Even though I definitely should be working right now, I felt a sudden pressing need to update the world a.k.a. my three readers on Amicus’ progress because I typed in my name to google and some of the blog entries came up saying, “Amicus is definitely a fearful dog,” and while that was true at the time I wrote it, I want to strongly vehemently vigorously (you get the idea, right) stress that Amicus is definitely NOT a fearful dog any more, nor is he an aggressive dog. He has been doing brave, wonderful, and sweet things and that is the current truth of Amicus. We just visited my best friends, and Farther, their nine-year-old pit bull/lab cross, and Amicus are now sensai and student, respectively, and fast fearless friends. Amicus and I climbed Valentine Mountain using only deer trails and sheer will power. Amicus has charmed both trainers in town because they’re smart observant experts who know a good thing when they see it. Amicus does stick up for himself if he has to, but if you love him, he loves you. He gives what he gets and he’s a work in progress. Amicus is not a destination, he’s a journey. Amicus loves dogs, except for two or three out of 100, and frankly my guess is they’re assholes, anyway, or maybe they just like mixing it up a bit. He frolics, romps, and gambols – yes, gambols – when he meets other dogs and his big goofy mouth stretches back in a mammoth dog grin and his fluffy tail with its tiny tip of white goes awiggy-waggy. He only occasionally barks at people when they come up behind us in the forest and that’s his job, right, and he shuts up pretty darn quick if I speak clearly to him in Dog. So the current “in the now” truth of the matter is that Amicus is just a normal, happy, slightly reactive, and delightful houndie hound and, as for me, I am doing swell learning how normal, happy, slightly reactive, and delightful I am, too.
Yesterday, I took Amicus to Mowatt Bay, where it is nice and isolated, and we were having a great game of fetch (chuck-it) when this pickup arrived and guy and dog disembarked, a big brown mastiff, and the guy threw his ball and Ami wasn’t looking and suddenly this big dog ran into Ami`s play arena area and, because he was surprised and protective of his ball, he attacked the bigger dog, and of course the dog fought back and I just got back from the vet.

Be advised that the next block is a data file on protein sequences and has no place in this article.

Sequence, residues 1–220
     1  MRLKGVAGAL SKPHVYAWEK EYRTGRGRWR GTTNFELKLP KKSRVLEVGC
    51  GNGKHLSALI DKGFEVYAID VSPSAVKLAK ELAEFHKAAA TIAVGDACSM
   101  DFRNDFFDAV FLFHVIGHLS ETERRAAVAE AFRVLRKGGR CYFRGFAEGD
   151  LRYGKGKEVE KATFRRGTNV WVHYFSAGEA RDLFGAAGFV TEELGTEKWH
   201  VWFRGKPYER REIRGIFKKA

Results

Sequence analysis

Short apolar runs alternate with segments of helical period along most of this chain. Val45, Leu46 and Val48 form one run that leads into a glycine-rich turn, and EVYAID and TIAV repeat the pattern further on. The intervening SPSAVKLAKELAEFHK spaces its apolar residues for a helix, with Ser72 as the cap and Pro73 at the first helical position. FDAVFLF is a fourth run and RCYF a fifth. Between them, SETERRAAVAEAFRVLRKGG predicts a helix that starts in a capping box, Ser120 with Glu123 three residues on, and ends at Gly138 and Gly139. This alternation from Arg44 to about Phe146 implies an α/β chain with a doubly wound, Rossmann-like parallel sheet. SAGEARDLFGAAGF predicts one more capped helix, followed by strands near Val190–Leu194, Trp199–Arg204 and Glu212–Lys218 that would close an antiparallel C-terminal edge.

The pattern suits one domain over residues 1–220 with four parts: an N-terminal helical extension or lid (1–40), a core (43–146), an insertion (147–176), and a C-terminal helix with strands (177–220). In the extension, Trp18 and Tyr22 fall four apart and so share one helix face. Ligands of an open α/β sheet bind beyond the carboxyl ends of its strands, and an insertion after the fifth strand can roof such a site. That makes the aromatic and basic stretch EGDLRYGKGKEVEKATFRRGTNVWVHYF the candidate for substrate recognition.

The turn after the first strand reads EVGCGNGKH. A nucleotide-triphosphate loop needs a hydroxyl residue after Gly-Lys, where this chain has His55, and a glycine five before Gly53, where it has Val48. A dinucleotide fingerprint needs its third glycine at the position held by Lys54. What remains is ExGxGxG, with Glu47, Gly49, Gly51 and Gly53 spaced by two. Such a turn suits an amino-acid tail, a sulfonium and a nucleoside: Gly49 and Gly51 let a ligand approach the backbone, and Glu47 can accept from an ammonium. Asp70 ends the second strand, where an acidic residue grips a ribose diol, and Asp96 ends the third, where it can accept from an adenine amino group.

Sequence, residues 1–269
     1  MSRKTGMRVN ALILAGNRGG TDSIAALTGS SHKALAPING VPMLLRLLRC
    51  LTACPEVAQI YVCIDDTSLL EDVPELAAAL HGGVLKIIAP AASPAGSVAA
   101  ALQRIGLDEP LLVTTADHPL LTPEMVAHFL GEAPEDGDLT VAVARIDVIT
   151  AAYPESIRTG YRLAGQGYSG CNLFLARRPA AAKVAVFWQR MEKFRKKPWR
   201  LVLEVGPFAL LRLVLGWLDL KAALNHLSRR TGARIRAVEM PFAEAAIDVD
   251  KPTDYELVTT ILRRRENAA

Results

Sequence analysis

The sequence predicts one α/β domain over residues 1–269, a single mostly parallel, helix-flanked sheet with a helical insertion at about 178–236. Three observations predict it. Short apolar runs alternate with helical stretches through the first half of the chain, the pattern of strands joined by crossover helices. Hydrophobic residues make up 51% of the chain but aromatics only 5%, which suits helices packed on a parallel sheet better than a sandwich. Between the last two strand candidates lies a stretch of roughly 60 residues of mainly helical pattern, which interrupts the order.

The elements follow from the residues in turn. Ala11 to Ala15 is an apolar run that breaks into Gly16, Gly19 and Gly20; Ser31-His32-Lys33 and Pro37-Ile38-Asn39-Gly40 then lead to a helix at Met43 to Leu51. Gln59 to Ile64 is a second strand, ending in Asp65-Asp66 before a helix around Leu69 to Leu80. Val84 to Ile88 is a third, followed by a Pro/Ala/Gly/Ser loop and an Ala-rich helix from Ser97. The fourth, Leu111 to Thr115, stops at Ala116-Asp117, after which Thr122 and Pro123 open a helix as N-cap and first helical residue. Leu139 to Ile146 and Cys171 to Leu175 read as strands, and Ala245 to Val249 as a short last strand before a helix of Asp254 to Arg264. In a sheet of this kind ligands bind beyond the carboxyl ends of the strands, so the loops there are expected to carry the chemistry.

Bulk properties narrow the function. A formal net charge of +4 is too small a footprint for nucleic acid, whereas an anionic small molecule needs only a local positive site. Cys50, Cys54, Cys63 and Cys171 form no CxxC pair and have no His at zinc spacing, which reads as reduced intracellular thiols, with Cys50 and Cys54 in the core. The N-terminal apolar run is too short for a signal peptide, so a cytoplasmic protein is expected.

Ami’s got a bloody scratch on his face just under his eye, but luckily it’s neither deep nor serious, just a surface wound and I have anti-bacterial cream to apply twice a day, plus it was a good opportunity to talk to the vet. We both agreed that the pickup guy should not just have recklessly thrown his ball over into Ami’s area especially when Ami wasn’t even aware they’d arrived. Although he must be taught that aggression is not ever appropriate, it was not a normal aggression situation. The vet agrees and thinks Ami is super smart and super trainable and he gave me good advice about two trainers in town who give classes where you go and there are other dogs there which the vet says is much better than isolating a dog.
I left a message for one of the trainers, and she phoned me back and we talked for about 20 minutes and she gave me some excellent advice about how I must make Amicus see me as completely in control of everything and how to do that. Unfortunately right now, she’s only teaching a puppy class, but she did let me know about another place in town that has ongoing classes, so I will investigate that. She talked to me for free and I garnered so much useful information from her and she was very good at explaining things clearly to me (probably why she`s such a good dog trainer).
So last night, it began and my dad is totally on board now, also. Now, before he throws the ball (we play a lot of fetch in the house because my dad can’t walk particularly well) he makes Ami sit, then praises him, and he’s getting more alpha with Ami which is good because my dad was being too much of a softie with Ami.